This change in scale is more tricky than it appears. I experienced and learnt that when I first started painting the smaller pieces for masks. With a move back to larger work I didn’t want to misjudge the gear shift whilst painting a full 90 x 90 cm square, so I have returned by first painting neckerchiefs.
Pinning out the 55 x 55 cm squares and loosely laying down the first outlines became a poignant experience as I reflected on the intervening seven months since I last worked on any scarves. I then reached for the darkest, dark blue I have and painted in the background.
2020 really has turned out to be a ghastly, ghastly year.
And, finally now, the 31st December, we can say goodbye and good riddance to it.
Now I’ve always known that my creative work varies noticeably with how I am feeling. Obviously this personal acknowledgment is not from a serious, in-depth, psychological assessment, but just a vague, airy-fairy type of observation.
I expect you’ll find this mini challenge/quiz all too easy. These ‘sequence’ photos are a selection of the scarves I’ve painted so far this year. They are a before lockdown and during lockdown series. As an aside, how good it would have felt to have been able to type a sequence of ‘before, during and AFTER images’. Soon, we hope, soon. So which are the before and which are the during scarves?
I think it’s quite obvious, you’ve probably guessed but here are the answers to confirm your no doubt perceptive choices.
For me it goes thus – chirpy, energetic, outward-looking, and my work is bold, loose and conspicuously colourful. Conversely, hit a pessimistic period and it’s all introspection, lethargy and hints of moroseness, and my work becomes contained, restrained and muted. I have to say it’s never been quite so obvious as this!!!!
The UK is now in lockdown, more or less. Everybody who can works from home and all non essential trips out of your house are prohibited, although, as yet, we don’t have the military on the streets enforcing these restrictions. With the ensuing quiet I have found myself more reflective than usual.
Now here’s a flitting stream of consciousness: . . . how did we get here . . . who is marshalling the NHS response . . . oh yes, that bloke who looks like a rabbit in the headlights, what’s his name . . . Hancock, yes, Matt Hancock . . . isn’t he the MP for West Suffolk, yes he is . . . other side of Bury St Edmunds . . . mmm, Bury . . . I wonder whether Blackthorpe Barn will run its Christmas Craft Fair later this year . . . that part of Suffolk is beautiful in winter . . . melancholy Suffolk . . . melancholy pines . . . ah the lonely Lady Drury and the Hawstead Panels.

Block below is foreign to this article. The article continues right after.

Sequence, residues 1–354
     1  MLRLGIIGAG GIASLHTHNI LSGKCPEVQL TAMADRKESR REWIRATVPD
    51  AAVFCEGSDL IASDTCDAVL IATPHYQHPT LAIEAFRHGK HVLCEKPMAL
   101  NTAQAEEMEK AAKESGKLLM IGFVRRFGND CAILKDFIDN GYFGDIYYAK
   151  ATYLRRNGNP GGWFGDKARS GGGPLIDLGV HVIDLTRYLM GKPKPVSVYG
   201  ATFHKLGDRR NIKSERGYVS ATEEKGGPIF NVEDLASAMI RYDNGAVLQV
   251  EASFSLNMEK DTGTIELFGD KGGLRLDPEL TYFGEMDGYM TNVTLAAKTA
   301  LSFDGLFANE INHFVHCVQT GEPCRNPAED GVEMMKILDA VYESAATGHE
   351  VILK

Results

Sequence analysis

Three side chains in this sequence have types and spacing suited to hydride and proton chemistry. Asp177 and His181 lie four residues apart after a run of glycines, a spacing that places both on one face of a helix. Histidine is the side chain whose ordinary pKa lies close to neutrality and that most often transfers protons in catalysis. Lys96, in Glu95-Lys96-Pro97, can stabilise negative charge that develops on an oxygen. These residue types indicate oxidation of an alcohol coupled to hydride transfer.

Now there was a woman who knew about reflection and meditation and solitude. Her solo endeavours, her painted closet, installed in the now temporarily closed Christchurch Mansion, is a visual expression of living a contemplative life.
I have not been spending this disconcerting time on too much introspection, although I have been slowly working my way through my thousands of photographs, a process which turns out is intermittently thought-provoking. During this task I have come across pictures of earlier work I had completely forgotten as well as old rather poor quality photographs that I took when I first launched my online shop back in July 2013.
One or two of the old photos had captured a look, an expression that was worth saving. Six or seven years ago, and particularly before my week’s photography course, I hadn’t realised how much tidying up, enhancing and, well to put it bluntly, cheating could be achieved with Photoshop.
Nowadays, with a solid five years’ plus of amateur experience under my belt, I am so much better at getting the photograph I want (eventually), but sometimes the circumstances defeat my grand intentions. This was the case on a visit last month to the ‘Handel & Hendrix in London’ Museum. Not quite the tightly focussed, intriguing image I was hoping for, but I can always blame the delicate distortions of the fine, antique eighteenth-century mirror.
Just recently I have been reviewing all my stock and looking to see what ‘colour’ gaps I should fill. As I have posted previously I have been very taken with the Iceni horse motif found on the coins of the Wickham Market Hoard and, as yet, don’t feel I have exhausted working with such a beautiful subject.